Every now and then I’m reminded of a great little adapter Dewalt makes, the DW0521 quick connect impact driver conversion chuck. This little gadget is a 1/4″ hex to 3/8″ keyless chuck adapter that allows you to use ordinary drill bits with a 12V or 18V cordless impact driver.
The impact driver conversion adapter features all-metal construction and the keyless chuck has a single-sleeve design for quicker hand-tightening.
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Street price for these adapters is $30-36 or so. There’s also a Hitachi model available at about the same price. Although they’re marketed as being designed for impact drivers, they should work well in cordless screwdrivers’ 1/4″ hex bit adapter as well.
Carry one of these with Dewalt’s impact clutch adapter, and you might need your cordless drill/driver even less.
Unless you want accurate holes! 😉
This would work great for pocket holes or anything that had a sleeve guiding the bit.
I think for 40 bucks I would rather just have a cheap drill.
Sometimes it’s a question of weight and capacity. Even a cheap drill will add bulk and weight to a kit, plus it means another battery to charge and monitor.
I’ve mentioned my preference to avoid drilling with impact drivers before. Even so, I cannot argue against the convenience these adapters provide for those users who need them.
Got one and love it. everyone in the trades should carry one around in there tool bag.
This one is cheaper and better.
It requires a chuck key and is generically branded. Cheaper, yes. Better? How so?
Dewalt one I had was waste of money!
I must not have good grip or something drill bits keep slipping. Chuck is too small to grip.
That why I went for keyed one.
Than one day one of the Jaw got twisted while putting drill bit on.
At least this cheap one works.
No it is not I broke one of those in a Milwaukee, the back end unscrewed and even with lock tight never permanently stayed in again. (I didn’t buy it it was a fellow workers/reason why I went with the dewalt b/c I liked the what it allowed me to do.) dont go cheap!
Milwaukee makes something very similar to this for impact wrenches.
so does Dewalt
but the problem with these is that many inser bits are too brittle to use with the torque output of a pneumatic or even electric 1/2 inch drive impact wrench. Maybe these are better suited to use with a cordless 1/2 inch impact wrench with lower torque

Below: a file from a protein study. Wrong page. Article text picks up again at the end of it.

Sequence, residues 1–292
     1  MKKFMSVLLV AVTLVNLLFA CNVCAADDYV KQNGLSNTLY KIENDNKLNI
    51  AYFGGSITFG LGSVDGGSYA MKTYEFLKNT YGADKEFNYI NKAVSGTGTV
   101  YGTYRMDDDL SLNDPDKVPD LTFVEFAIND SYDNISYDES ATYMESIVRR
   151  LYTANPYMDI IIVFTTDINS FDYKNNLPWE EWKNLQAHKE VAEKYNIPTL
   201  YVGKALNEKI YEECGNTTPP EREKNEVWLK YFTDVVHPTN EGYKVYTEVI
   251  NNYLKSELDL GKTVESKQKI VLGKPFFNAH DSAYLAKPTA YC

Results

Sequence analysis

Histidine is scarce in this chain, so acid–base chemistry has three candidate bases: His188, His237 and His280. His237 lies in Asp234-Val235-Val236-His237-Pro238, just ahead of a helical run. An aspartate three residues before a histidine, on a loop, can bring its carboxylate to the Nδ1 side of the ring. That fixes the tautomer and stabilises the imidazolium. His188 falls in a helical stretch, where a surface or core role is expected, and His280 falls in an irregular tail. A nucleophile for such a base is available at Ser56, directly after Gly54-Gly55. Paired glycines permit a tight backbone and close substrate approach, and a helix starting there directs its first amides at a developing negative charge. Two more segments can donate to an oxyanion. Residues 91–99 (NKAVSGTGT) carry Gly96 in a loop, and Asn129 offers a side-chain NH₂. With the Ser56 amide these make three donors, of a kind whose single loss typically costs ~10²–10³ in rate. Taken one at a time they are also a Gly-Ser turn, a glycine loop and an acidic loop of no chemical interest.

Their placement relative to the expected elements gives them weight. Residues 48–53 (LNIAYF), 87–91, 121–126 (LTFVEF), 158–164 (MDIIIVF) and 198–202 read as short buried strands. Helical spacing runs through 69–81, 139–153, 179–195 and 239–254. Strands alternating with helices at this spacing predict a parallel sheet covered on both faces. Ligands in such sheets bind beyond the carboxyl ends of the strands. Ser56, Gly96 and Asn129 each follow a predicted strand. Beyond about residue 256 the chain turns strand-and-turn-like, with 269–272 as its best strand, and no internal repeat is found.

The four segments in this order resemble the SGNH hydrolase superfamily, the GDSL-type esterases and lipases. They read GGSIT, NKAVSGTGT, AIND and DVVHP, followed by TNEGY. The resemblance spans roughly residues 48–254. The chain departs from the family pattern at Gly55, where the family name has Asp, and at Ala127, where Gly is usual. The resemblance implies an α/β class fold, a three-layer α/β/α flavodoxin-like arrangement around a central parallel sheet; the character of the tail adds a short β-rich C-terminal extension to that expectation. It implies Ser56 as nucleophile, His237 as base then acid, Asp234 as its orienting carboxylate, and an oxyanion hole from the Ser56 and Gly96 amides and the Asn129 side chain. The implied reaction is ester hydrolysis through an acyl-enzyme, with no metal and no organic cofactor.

With hex-shank drill bits so readily available – some marketed specifically as “impact-ready” one might forego this and directly connect the twist-drill with the impact-driver.
As I may have posted before – a chuck attached to a 1/2 inch sqaure drive impact wrench is handy for use with auger bits in boring poles and timber and to avoid torque-reaction when you have to hand-drill structural steel, In the latter case, while we prefer using a magnetic drill press – this is not always possible – and while hand drilling with an impact wrench does not lend itself to precise hole geometry – drilling is usually a precursor to reaming (e.g. with a bridge reamer) when structural hole alignment is a must.
Makita seems to make one too:
Sorry for the multiple posts – but I was looking on the Internet for the 1/2 square drive chucks that we use.
Ours are an apparently discontinued model:
Milwaukee 48-66-0010 – that my inventory says I bought 5 of in 1989 at a total cost of just over $65 ($13+ each)
I see a bit beat-up one on ebay with an asking price of $79,99
I’ll reiterate a previous comment, that the impact driver drill bits, chucks, auger bits, Etc., may be of use on jobs where precision is not required, IE: deck assembly, where carriage, or lag bolts are involved, along with the requisite washers.
I personally do not see these as “shop bits” for furniture construction, nor do I view the chuck that way, but I do see a use for some in the trades who “drill seldom”, yet drive fasteners often.
Fred @ One Project Closer
Concur with this (very well put) comment. There is merit in having the convenience of carrying one tool when precision isn’t that important, especially for trades where driving is more frequent by an order of magnitude.
Actually, you can be very accurate with this chuck, even if your driver has slop in its hex chuck. Once you’ve attached it to your driver (this chuck is meant more for a standard 1/4″ hex drill/driver rather than an impact-type driver) you tighten the bit in the chuck by holding the collar and pulling the trigger on the tool. This activates an impact-style mechanism in the chuck that clamps the bit very tightly without needing to muscle down on the chuck and stalling the driver. Once you are all ready to drill the hole, hold the collar with your free hand and pull it towards the bit. This disengages the impacting mechanism and allows the chuck to spin free of the collar, the collar is motionless in your hand. Pulling it forward like this also takes the slop out of the hex shank interface on the driver. You now have a very steady and accurate drill.
I use this same chuck in conjunction with a Bosch 26618 combo driver/drill/impactor. Using the chuck in drilling mode (the tool has two speed ranges) is just as good as using a dedicated drill. I can carry one too with the best of all worlds.
Makita has one also, I think it is a couple bucks more than the Dewalt.
I really need one, I use a 1/4″ impact 98% of the time for work. I do have to run a 3/4″ hole saw occasionally which requires a drill chuck. So far I’ve been carrying around a drill with me also.
I plan on getting one soon!